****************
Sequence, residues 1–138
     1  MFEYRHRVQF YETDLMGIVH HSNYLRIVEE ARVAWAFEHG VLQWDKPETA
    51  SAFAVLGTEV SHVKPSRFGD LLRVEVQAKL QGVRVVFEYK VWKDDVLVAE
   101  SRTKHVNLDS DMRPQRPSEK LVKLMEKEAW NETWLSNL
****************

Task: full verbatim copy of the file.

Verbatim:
Sequence, residues 1–138
     1  MFEYRHRVQF YETDLMGIVH HSNYLRIVEE ARVAWAFEHG VLQWDKPETA
    51  SAFAVLGTEV SHVKPSRFGD LLRVEVQAKL QGVRVVFEYK VWKDDVLVAE
   101  SRTKHVNLDS DMRPQRPSEK LVKLMEKEAW NETWLSNL